• "nvram get dnsmasq_options > /tmp/dns-options.tmp" - This command gets the content of the DNSMasq options that are already in place and stores them in a temporary file, so we will be able to concatenate our settings to the existing ones. For example, I have setup the PXE server option set as explained here , I wouldn't want to lose my PXE booting ability because of a "random" script, now would I?
  • IF - Test for these conditions: 1." Are the two dynamic lists missing from the DNS options?" 2. "Do the respective files exist?"
    True:
    • Note to syslog and append the lists to the DNSMasq options like we did in the firewall segment.
    • "change_nvram=1" - Set the variable to one(1) so that the script will know that we want to perform a commit to the changes in the appropriate segment below.
    False:
    • Note to syslog and continue to the next segment

Checking if the personal list is a file

As explained above, there are two ways of adding our own list of domains to the unapproved list. The first being to add it manually to the DNSMasq options in the web-GUI and the second being to create an additional configuration file that the DNSMasq will take into consideration. Because of this, the script needs to check if the file exists and NOT add it to the configuration if it doesn't. again, this is because if the DNSMasq configuration encounters a directive to a missing configuration file, it will fail to load and we will have a router that doesn't do DNS (not unlike the cleaning lady that doesn't do windows l0l).

  • IF - Test the following conditions: 1. "Does the already in use dnsmasq configuration file contain an entry for the personal list file?" 2."Does the current NVRAM configuration contain an entry for the personal list file?" 3. "Does the personal list file exist?"
  • True:
    • Note to syslog
    • "echo "conf-file=/jffs/personal-ads-list.conf" >> /tmp/dns-options.tmp" - Add the name of the file to the temporary dns-options file.
    • "change_nvram=1" - Set the variable to one(1) so that the script will know that we want to perform a commit to the changes in the appropriate segment below.
    False:
    • "[ ! -e /jffs/personal-ads-list.conf ] && logger" - A mini IF that will test if the personal list is NOT a file and only if its true will log a message indicating it.
    • "[ -n "`nvram get dnsmasq_options | grep "/jffs/personal-ads-list.conf"`" ] && logger" - A mini IF that will test if the NVRAM already contains the personal list file and only if its true will log a message indicating it.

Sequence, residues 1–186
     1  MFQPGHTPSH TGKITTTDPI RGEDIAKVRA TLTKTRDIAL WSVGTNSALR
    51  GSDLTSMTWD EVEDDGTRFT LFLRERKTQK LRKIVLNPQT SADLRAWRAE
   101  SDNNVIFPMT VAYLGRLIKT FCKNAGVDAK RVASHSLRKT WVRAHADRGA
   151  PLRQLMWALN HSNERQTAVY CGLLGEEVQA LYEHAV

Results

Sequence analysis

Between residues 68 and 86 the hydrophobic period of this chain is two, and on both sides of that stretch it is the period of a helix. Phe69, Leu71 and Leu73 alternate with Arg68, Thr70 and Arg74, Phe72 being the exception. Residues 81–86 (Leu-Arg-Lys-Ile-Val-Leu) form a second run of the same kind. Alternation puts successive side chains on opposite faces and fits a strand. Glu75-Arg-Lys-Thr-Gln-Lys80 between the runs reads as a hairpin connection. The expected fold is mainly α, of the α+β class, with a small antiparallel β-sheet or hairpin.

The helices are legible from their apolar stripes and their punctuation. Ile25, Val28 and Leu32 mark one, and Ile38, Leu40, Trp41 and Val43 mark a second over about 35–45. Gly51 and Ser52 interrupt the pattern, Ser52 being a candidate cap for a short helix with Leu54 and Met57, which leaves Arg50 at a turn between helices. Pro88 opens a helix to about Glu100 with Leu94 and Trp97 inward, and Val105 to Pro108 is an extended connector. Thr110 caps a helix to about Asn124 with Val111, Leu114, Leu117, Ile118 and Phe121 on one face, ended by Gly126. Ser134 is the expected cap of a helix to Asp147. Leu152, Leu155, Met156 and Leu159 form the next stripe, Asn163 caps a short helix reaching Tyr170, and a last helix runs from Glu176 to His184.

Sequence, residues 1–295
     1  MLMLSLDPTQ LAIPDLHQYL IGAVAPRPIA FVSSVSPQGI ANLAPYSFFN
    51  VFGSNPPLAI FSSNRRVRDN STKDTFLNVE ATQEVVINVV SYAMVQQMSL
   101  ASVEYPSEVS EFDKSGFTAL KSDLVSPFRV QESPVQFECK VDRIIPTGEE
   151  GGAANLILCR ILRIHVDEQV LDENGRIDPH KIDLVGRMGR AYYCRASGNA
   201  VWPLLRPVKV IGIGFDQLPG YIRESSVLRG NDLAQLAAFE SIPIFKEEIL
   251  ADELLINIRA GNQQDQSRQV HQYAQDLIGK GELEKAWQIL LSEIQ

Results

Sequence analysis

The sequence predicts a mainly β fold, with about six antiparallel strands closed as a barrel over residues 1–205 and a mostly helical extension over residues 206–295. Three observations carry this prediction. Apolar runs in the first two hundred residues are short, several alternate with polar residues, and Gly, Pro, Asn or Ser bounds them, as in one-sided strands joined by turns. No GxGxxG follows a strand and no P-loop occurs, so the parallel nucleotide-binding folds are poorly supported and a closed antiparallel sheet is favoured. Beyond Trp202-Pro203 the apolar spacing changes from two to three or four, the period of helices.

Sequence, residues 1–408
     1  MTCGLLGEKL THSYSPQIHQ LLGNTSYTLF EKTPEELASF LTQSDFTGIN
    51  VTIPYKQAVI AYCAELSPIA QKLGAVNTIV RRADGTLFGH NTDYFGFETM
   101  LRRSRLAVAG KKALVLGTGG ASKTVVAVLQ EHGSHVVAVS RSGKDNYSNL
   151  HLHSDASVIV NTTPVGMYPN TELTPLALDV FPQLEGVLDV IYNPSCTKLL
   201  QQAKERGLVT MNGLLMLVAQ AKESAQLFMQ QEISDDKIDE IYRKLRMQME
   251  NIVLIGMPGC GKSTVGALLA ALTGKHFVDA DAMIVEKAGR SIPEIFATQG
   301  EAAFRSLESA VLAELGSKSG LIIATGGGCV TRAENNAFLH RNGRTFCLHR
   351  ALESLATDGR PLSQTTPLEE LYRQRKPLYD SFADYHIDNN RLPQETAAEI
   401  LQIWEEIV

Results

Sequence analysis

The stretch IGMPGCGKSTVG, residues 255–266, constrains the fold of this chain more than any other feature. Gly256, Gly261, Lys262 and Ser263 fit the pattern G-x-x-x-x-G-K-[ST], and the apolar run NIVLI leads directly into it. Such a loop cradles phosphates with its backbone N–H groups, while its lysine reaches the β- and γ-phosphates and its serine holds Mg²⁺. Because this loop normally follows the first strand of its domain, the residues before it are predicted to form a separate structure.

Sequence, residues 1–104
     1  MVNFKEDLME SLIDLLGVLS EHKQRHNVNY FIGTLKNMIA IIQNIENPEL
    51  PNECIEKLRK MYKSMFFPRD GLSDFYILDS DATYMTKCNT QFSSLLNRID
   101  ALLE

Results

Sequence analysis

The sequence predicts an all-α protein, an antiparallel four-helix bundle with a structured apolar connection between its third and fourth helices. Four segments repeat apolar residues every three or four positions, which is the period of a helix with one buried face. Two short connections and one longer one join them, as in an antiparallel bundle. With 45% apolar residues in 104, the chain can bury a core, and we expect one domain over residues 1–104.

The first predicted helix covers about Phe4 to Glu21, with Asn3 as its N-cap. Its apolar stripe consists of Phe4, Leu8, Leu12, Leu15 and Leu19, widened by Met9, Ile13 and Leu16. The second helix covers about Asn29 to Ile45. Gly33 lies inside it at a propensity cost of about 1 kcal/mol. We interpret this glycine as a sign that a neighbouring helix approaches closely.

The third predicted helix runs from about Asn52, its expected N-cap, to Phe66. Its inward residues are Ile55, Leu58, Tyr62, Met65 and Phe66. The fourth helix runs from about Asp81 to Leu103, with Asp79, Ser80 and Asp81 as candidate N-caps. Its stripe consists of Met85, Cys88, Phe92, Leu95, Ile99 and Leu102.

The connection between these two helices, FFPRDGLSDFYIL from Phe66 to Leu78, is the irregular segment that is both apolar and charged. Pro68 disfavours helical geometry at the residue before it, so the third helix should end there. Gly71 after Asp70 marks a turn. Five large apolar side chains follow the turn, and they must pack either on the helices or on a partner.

Collective NVRAM changes to Commit

The NVRAM is a section of the flash chip on the router (the same one that holds the firmware) that is used to hold configurations so that they survive reboots.
This flash rom memory has a limited amount of write cycles before it dies, so the actual writes to it, should be performed very sparingly.
That is why the segments above did not immediately commit the changes, but noted that there are changes to be committed by this segment.

  • IF - Test for one condition: 1. "Is the "there were changes to NVRAM" variable (changed_nvram) equal to one(1)?"
    True:
    • Note to syslog
    • "nvram set dnsmasq_options="`cat /tmp/dns-options.tmp`"" - Dump the content of the dns-options.tmp file into NVRAM. This is done only here because it allows for the option that there is a personal list file to be added to the options before they are committed.
    • "nvram commit" - perform the write to NVRAM now that we know that it is necessary.
    False:
    • Just note to syslog that there was nothing to commit.
  • Delete the dns-options temporary file.

Refreshing DNS settings

Now that everything is in place, it is time to tell the DNS to take in the new configurations by restarting its control service. Thanks to the developers, using the control service causes the settings to be taken from NVRAM and regenerate the configuration file (its just too bad i didn't know this from the get go).

  • "stopservice dnsmasq && logger" - Stops the DNS service and if successfully executed log to syslog.
  • "startservice dnsmasq && logger" - Does the same only for starting it.

Blink the SES Leds

The SES LEDs are the orange and white lights behind the Cisco button on the router's front.
As this procedure can take anywhere from several seconds to several minutes (depending on your setup), blinking the LEDs visually informs us when the procedure has completed.

This is accomplished by invoking the "/sbin/gpio" command with the enable & disable parameters, wrapped in side a while loop.

Once the LEDs have been blinked you should see that the ads domain resolve to the pixel server IP.
End of the script


Thats' it... good luck and have a good one.